You have several Léovilles as neighbors, Léoville Poyferré and Léoville Barton, each of which is a Second Grand Cru Classé according to the 1855 classification, which you have abandoned. What makes Las Cases different from the other domains?
Previously there was a domain called Domaine de Léoville. This was the oldest domain of the Médoc. It has been shredded apart during the French Revolution in 1789. It was then divided into three in the period from 1810 to 1840. Later, each of these became a Second Grand Cru classé in 1855. Léoville las Cases owns 60% of the original domain; the heart of this former domain is still part of our domain. You can recognize this today by the well-known clos around the vineyard with the Lion gate that is on our labels. This vineyard is located near the river and slopes towards Pauillac and Château Latour. Although both wines are different, I would like to point out the quality of our location and the differences with the other two Léovilles.
Can you give me a description of each of your wine domains and what makes them so special?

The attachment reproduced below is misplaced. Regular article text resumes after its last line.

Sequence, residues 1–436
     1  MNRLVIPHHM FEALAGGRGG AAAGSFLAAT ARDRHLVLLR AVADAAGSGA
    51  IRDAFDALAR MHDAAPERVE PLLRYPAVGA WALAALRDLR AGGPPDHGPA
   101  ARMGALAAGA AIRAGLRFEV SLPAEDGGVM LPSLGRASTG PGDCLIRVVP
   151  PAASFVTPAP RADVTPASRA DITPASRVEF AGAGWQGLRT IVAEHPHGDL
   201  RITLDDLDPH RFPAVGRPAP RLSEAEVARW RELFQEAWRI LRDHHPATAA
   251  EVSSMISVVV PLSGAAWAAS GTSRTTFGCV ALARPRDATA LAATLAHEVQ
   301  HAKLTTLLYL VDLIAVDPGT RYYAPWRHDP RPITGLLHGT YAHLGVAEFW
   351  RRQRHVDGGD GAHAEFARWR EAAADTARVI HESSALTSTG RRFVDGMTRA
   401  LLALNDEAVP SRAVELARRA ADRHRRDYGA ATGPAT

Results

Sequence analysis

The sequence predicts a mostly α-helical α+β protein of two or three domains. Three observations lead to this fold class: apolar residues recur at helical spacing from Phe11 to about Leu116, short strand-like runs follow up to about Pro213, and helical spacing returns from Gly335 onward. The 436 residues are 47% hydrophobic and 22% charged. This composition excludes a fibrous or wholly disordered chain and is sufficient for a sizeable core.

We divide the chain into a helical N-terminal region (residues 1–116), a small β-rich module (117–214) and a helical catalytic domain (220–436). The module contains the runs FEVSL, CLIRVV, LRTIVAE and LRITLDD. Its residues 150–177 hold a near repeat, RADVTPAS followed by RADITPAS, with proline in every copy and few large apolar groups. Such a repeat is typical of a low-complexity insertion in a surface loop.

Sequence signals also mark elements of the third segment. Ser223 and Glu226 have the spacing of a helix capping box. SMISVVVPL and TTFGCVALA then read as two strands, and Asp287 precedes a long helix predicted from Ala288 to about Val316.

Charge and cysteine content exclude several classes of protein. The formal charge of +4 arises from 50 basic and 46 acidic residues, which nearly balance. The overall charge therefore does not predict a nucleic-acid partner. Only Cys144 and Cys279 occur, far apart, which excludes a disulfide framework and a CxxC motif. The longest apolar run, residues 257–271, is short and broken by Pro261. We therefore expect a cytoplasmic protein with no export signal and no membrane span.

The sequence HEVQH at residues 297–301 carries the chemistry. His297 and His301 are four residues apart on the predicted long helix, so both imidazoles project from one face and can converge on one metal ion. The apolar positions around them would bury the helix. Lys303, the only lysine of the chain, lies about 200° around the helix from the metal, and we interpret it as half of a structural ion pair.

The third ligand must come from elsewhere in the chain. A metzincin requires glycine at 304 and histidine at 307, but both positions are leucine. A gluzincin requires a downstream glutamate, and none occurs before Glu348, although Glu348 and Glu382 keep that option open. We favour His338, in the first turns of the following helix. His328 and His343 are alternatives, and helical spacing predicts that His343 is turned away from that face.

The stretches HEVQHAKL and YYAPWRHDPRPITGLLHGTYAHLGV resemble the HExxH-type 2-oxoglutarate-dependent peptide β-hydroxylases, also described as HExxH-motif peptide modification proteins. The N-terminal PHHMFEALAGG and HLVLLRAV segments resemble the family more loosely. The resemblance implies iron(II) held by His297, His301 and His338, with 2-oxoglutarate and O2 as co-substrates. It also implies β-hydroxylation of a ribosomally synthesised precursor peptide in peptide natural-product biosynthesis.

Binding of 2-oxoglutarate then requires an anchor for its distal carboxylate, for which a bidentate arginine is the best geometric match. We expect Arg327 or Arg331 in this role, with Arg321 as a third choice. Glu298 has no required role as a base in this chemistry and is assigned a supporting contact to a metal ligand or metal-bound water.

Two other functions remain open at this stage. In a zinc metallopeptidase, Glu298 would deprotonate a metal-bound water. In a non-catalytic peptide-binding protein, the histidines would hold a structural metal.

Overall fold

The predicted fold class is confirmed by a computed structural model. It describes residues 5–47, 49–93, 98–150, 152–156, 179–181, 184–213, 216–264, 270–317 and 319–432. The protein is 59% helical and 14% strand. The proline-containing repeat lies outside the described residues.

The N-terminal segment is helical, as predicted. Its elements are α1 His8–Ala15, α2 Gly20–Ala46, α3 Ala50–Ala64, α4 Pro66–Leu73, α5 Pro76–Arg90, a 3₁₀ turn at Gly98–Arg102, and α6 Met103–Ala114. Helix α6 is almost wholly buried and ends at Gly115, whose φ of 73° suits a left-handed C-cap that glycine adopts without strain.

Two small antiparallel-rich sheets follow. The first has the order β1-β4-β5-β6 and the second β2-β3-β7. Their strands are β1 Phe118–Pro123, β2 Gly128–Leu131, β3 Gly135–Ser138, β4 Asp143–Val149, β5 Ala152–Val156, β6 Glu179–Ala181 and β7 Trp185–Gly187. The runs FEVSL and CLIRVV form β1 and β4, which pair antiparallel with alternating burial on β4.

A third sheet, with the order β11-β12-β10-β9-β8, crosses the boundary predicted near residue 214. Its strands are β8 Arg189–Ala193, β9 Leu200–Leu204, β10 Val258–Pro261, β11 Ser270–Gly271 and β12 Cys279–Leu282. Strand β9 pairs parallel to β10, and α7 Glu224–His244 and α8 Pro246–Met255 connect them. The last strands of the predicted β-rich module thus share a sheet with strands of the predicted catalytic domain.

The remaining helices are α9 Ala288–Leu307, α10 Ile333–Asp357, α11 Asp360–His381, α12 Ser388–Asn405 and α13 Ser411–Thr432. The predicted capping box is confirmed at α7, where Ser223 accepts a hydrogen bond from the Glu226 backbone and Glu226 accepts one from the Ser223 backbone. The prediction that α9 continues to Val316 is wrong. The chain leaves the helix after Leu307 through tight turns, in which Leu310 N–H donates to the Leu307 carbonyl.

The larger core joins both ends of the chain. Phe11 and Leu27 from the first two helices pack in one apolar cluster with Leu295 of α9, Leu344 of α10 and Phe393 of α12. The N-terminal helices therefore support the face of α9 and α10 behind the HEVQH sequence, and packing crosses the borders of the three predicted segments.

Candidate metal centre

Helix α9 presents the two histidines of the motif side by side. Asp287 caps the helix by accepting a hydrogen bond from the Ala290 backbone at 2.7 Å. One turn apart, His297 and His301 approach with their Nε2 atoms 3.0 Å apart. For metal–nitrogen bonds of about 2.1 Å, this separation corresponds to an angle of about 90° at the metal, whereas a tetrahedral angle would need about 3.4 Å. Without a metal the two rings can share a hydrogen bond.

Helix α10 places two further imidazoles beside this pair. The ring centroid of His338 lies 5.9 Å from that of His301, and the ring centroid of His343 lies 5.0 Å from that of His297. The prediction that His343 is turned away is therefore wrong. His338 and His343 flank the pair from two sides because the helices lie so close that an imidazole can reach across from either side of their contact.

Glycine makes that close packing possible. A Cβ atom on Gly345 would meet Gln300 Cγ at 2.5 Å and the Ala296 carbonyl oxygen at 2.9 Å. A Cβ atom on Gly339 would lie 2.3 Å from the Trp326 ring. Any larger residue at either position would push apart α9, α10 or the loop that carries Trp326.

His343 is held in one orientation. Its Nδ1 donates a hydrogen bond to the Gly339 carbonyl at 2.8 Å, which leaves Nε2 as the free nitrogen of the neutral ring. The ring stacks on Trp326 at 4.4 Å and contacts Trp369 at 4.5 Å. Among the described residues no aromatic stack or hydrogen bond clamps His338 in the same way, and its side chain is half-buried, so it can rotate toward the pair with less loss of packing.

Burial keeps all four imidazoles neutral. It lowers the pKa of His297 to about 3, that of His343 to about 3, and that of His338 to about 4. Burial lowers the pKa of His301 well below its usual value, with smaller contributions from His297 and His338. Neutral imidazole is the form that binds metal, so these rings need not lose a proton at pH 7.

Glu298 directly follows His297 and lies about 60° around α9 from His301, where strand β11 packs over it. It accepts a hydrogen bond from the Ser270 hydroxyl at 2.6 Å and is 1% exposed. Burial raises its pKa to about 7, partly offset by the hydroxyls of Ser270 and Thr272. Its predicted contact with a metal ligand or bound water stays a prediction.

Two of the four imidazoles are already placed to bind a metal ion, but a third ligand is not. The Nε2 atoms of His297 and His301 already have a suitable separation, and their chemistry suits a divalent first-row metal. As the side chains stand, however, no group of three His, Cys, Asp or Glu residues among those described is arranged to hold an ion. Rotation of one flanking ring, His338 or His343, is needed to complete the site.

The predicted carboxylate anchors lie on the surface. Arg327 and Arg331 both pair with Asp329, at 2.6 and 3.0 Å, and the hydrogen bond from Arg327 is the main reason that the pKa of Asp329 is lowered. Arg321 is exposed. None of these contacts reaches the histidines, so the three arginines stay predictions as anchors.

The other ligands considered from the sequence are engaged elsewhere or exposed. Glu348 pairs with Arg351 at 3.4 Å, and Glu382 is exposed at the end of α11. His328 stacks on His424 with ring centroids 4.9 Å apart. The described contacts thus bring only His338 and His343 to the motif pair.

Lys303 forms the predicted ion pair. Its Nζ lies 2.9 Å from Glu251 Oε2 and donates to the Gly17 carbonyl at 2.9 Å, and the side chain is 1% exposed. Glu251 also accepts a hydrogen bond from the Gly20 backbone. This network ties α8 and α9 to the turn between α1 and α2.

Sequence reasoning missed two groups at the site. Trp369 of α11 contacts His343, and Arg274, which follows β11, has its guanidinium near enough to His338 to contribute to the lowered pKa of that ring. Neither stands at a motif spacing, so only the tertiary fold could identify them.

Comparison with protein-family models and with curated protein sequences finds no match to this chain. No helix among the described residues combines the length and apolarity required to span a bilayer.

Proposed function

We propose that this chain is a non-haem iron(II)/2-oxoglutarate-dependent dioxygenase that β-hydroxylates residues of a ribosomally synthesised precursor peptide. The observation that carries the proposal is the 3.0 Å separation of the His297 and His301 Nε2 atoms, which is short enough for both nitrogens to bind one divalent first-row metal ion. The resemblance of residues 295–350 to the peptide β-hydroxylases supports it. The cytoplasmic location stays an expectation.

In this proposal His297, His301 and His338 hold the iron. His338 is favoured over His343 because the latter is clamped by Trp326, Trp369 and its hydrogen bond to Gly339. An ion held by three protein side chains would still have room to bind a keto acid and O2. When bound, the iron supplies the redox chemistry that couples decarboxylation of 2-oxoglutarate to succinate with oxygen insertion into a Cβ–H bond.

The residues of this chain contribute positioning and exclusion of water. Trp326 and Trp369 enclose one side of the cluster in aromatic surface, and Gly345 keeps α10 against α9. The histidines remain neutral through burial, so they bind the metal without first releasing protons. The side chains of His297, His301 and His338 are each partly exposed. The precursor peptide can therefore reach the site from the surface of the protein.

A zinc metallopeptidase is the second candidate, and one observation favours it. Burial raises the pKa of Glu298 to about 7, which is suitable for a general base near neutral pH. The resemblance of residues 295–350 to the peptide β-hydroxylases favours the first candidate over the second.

Let's start with Léoville Las Cases:
What I like about this wine is the fact that it is adjacent to Pauillac and therefore is a mix of styles (Pauillac/St. Julien) compared to the other Saint-Juliens; I dare say that it has the complexity and refinement of a Saint-Julien with the power of a Pauillac.
This has been confirmed regularly by people who come and visit us and who say that they can recognize our wine in blind tastings, thanks to this big difference and its typicity.
Clos du Marquis, is situated a bit further from the Gironde, and has a different soil. Here I would say that this is a real sophisticated, complex, typical Saint-Julien with slightly less strength compared to Léoville Las Cases.
At Potensac we are in the North of the Médoc, just above Saint-Estephe.
This was the only Cru Bourgeois Exceptionnel from the Médoc appellation, when this classification was still in effect. Here we have a sandy surface of clay and limestone and a 50/50 blend of Merlot and Cabernet. The wine is a typical Médoc.
And finally, Château Nénin in Pomerol, whose prestige has increased enormously lately: Here we try, just as for all our other domains, to make a wine that reflects the character of the appellation, with uttermost respect for the subsoil and the nature that surrounds it. This has become a really great, typical Pomerol.
Click here for an overview of all the wines of the Delon Family.